You can never truly know if someone’s grown as a person through being in a programme. But I think that we’ve got a good track record of being focused on helping kids for the future. And that’s what our community tells us.
Some might wonder whether growth would impact the performance of Harbour Basketball’s teams in representative competitions, but Vince says that despite the focus on providing a quality experience to more players, “there’s still been a very high level of performance”.
Even with the growth, we’ve won a national championship in each of the last two years in the uncer-15 grade. 15 girls this year, 15 girls last year. We routinely send two teams per grade to national tournaments.
I think last year we sent two teams to nationals for 15 girls, 15 boys, 17 girls, 17 boys, 19 boys, and finished top four in each of those grades. So, I don’t think we’ve necessarily sacrificed much in terms of performance, if anything, we’ve gotten better across the whole programme.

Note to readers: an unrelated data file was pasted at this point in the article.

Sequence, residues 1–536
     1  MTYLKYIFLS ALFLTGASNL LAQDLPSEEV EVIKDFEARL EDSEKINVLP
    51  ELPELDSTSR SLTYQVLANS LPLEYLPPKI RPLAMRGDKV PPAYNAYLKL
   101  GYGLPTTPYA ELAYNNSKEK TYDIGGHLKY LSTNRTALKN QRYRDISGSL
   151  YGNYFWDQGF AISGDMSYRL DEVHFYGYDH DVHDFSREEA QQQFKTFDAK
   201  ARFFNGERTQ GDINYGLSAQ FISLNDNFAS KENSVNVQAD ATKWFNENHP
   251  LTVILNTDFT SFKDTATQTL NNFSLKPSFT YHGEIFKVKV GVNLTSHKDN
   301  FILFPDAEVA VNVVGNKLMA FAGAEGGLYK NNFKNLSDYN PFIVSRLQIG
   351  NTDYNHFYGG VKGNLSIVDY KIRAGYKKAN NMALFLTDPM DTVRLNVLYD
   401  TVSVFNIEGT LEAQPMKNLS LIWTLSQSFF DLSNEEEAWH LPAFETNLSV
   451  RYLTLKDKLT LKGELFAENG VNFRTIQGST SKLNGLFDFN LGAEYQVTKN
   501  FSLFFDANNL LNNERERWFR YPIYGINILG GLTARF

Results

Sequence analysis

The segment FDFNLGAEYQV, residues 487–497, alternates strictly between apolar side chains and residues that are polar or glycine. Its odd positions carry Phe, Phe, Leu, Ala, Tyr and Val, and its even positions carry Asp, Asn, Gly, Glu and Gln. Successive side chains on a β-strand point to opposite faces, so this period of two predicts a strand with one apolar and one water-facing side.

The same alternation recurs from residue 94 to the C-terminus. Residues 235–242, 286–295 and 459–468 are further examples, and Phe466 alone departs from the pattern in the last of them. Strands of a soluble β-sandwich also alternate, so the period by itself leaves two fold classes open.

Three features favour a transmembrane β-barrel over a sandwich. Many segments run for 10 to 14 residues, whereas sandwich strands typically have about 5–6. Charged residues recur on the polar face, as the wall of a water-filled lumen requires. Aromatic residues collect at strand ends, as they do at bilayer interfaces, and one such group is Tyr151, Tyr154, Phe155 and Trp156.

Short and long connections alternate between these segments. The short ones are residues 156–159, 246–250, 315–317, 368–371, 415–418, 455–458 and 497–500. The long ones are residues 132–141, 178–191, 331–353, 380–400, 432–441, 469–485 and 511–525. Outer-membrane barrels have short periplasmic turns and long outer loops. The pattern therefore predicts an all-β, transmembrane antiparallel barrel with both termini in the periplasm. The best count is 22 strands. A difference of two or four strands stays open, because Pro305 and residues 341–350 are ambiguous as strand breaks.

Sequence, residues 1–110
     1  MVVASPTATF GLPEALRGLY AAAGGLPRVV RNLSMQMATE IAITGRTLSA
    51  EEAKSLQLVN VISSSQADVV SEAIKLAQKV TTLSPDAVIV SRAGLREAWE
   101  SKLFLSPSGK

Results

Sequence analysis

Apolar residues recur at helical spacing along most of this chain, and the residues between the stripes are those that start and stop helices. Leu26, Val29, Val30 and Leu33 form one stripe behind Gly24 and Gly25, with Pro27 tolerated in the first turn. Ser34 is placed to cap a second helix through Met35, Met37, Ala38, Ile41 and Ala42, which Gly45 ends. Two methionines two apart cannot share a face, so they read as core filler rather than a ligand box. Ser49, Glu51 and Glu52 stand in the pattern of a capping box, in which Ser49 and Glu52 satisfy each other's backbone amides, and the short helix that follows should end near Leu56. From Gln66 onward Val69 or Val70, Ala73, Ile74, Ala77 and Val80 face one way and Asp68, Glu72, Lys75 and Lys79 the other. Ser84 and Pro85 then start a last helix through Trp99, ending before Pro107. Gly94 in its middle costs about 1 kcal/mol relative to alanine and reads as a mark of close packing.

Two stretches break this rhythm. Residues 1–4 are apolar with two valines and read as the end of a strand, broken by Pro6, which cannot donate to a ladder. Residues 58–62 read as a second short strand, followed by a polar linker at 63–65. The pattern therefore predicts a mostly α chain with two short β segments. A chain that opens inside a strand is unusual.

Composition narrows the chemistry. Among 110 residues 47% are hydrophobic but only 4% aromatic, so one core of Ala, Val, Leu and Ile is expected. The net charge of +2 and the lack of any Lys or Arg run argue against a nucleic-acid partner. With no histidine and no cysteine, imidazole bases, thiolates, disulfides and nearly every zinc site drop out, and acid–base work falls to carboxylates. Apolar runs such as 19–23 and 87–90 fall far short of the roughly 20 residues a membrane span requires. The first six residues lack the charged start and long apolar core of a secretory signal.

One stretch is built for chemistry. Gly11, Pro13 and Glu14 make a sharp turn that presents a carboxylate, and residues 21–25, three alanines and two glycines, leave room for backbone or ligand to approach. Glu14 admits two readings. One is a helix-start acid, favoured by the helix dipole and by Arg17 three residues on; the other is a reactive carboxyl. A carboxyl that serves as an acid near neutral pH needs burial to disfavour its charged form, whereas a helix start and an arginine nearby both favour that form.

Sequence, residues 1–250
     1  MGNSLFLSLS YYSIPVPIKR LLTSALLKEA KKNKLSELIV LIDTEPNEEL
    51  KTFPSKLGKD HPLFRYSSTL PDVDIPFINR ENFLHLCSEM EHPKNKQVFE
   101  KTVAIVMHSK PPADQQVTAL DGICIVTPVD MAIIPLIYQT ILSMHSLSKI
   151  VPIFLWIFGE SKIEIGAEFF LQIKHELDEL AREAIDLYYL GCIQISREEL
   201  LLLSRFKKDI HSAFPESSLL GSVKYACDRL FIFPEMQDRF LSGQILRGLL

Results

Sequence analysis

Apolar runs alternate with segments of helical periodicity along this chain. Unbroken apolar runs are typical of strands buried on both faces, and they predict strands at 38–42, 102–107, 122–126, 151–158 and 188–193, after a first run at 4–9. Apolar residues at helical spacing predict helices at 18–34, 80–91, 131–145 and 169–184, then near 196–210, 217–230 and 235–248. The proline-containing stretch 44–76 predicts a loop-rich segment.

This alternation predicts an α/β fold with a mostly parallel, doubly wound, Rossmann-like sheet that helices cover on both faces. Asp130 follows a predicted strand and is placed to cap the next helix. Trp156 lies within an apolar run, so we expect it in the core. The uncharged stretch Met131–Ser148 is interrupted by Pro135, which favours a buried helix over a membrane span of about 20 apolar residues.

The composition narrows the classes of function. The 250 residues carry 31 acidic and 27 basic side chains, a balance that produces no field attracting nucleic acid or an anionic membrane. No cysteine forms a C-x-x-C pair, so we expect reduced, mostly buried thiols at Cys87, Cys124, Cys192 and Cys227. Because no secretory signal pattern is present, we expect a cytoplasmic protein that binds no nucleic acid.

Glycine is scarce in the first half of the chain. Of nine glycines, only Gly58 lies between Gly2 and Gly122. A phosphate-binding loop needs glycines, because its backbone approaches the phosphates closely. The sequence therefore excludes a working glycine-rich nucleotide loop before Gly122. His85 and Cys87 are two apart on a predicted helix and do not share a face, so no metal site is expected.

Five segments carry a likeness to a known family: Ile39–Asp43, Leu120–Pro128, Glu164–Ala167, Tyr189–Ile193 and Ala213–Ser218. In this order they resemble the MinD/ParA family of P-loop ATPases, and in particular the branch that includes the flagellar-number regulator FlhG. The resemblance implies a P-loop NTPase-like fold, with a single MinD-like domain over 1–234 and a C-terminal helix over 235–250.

So how did Harbour Basketball bring about this success?
It’s important to recognise that the success of Harbour Basketball’s programme, as viewed today, didn’t just happen overnight. Rather, it was done over years, which tends to be the nature of systems change – it takes time.
The changes made which have contributed to Harbour Basketball’s success were underpinned by what Vince would call a climate of development.
More specifically, Vince outlined five key areas that he and Harbour Basketball changed or tweaked to bring about improvements to their programme.
- Determining what quality success means in your programme
- Working with parents
- Engineering healthy competition in games and trainings
- Having a thoughtful systems and structure for divvying players into teams
- Creating a playing identity that supports better player development and better coach development
In the following series of articles, we unpack each of these key areas with Vince.
- Read: How Harbour Basketball determine success in their youth basketball programme
- Read: Competitive engineering: Key changes by Harbour Basketball to make competition, closer, healthier and more competitive
- Read: Divisions and trials: Stratifying structures at Harbour Basketball
- Read: Working with parents and community: Insights from Harbour Basketball
- Read: How do Harbour Basketball’s principles of play support great player and coach development?
Image Source: Harbour Basketball